A fine watered steel Kilij with original sheath mounts stamped with a Tughra.
The hilt of this Ottoman Kilij is of traditional form with the ‘pistol’ grip and silver-plated cross guard. Two polished horns form the large hilt, still showing signs of age but a nice colour; this provides a vibrant and distinct look to the Kilij as the hilt grabs your attention. The cross guard (or quillon block) is etched along the boarder in a geometrical pattern that extends onto the silver mounts of the sheath. At each end of the cross guard are flower buds. The top of the hilt features a bolster, which holds a red, green and gold fabric tassel.
As the cartouches feature calligraphy in a traditional format of writing, it is difficult to discern what is written as language and writing has developed over many years. The translation seems to show some praises of Allah – possibly the following:
The master of the Kingdom [Allah]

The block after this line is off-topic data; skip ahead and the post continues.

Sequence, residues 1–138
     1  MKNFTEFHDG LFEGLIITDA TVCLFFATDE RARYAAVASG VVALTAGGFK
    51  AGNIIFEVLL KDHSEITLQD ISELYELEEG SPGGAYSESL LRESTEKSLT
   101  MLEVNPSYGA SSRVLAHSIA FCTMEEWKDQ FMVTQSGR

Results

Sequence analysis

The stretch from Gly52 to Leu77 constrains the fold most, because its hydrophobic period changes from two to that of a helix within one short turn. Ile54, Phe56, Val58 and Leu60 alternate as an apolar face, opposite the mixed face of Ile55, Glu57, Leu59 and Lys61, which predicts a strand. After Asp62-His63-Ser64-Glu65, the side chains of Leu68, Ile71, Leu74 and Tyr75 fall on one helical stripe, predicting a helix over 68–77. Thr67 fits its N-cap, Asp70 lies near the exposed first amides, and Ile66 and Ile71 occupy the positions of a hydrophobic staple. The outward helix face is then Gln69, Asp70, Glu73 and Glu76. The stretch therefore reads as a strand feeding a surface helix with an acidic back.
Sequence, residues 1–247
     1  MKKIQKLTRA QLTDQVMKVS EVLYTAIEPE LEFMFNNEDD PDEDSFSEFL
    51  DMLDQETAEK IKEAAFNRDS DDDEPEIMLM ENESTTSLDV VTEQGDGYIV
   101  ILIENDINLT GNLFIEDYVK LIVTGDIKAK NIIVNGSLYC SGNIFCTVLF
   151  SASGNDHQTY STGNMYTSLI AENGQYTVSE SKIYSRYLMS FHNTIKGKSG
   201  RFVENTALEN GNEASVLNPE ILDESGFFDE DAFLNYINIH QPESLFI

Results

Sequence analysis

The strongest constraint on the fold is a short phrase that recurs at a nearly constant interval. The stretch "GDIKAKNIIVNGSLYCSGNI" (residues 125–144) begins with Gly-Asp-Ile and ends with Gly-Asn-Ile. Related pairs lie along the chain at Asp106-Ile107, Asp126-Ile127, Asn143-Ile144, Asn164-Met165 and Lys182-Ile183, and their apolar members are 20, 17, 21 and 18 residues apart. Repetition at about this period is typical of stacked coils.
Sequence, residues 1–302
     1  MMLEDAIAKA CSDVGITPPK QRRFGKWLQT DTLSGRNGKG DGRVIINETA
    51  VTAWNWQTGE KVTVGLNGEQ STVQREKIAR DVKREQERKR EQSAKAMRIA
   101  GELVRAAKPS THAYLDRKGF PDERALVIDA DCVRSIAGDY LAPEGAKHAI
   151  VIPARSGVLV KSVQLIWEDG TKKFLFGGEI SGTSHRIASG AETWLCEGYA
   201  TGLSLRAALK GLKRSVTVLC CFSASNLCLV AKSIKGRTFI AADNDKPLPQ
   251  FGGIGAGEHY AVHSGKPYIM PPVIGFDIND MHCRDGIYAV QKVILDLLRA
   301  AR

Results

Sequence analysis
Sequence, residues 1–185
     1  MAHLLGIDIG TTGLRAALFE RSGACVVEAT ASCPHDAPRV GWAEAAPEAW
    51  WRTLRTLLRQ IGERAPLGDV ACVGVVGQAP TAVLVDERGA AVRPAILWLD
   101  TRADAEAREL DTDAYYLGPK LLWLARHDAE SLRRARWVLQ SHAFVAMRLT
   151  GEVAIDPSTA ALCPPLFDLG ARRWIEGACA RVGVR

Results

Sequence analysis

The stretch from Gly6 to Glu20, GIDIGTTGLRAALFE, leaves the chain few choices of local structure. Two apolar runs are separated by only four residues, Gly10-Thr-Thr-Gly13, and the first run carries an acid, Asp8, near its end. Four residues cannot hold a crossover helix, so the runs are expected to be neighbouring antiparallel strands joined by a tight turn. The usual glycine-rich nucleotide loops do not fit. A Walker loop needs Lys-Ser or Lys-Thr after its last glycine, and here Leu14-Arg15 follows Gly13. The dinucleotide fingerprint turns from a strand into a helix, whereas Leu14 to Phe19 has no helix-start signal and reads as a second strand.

Whatever the will of God, [so be it]
I put [all] my trust in God [Allah]
At Christies, Art of the Islamic and Indian Worlds, London, 9th October 2014, lot 109 there is a Kilij with an identical inscription on the blade and they claim it to be the following ‘gold damascened muhaqqaq in two rectangular cartouches with the shahada, a roundel on each side with further Qur’anic inscription’.
On our example, these three cartouches cover almost the first quarter of the blade and are houses in a gold damascened boarder, which also runs along the edges of the blade. From the tip to the top, the blade is of fine Damascus steel, with an uninterrupted watered patterning throughout. The unremitting flow of the steel seamlessly represents flowing water, crystal clear, showing that it is of a fine nature and high standard. The false-edge (Yelman) is also adorned with a small amount fine gold damascened work in the form of a flower/tendril – an indication the artisan was paying attention to the small details.
The sheath is fit with two large silver mounts with lockets. The middle section of the sheath is wrapped in black leather with thick gilded stitching along the centre. At the bottom of the top mount, there is a Tughra, which is a calligraphic monogram/seal/signature of a Sultan (ruler), possibly from the late 18th century or early 19th century.
A comparable example with similar gold damascened work and design was sold at Bonhams: Antique Arms and Armour – 18th April 2012, London, Lot 40.
This is a glorious and outstanding Ottoman Kilij with a silver mounted scabbard and Tughra. A real collectors item.